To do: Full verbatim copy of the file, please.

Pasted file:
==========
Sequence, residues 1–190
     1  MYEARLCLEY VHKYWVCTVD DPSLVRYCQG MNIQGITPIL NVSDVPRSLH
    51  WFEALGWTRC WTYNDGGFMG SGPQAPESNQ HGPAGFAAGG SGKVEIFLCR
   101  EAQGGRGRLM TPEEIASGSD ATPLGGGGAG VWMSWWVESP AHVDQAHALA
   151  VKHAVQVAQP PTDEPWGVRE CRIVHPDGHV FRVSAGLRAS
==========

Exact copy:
Sequence, residues 1–190
     1  MYEARLCLEY VHKYWVCTVD DPSLVRYCQG MNIQGITPIL NVSDVPRSLH
    51  WFEALGWTRC WTYNDGGFMG SGPQAPESNQ HGPAGFAAGG SGKVEIFLCR
   101  EAQGGRGRLM TPEEIASGSD ATPLGGGGAG VWMSWWVESP AHVDQAHALA
   151  VKHAVQVAQP PTDEPWGVRE CRIVHPDGHV FRVSAGLRAS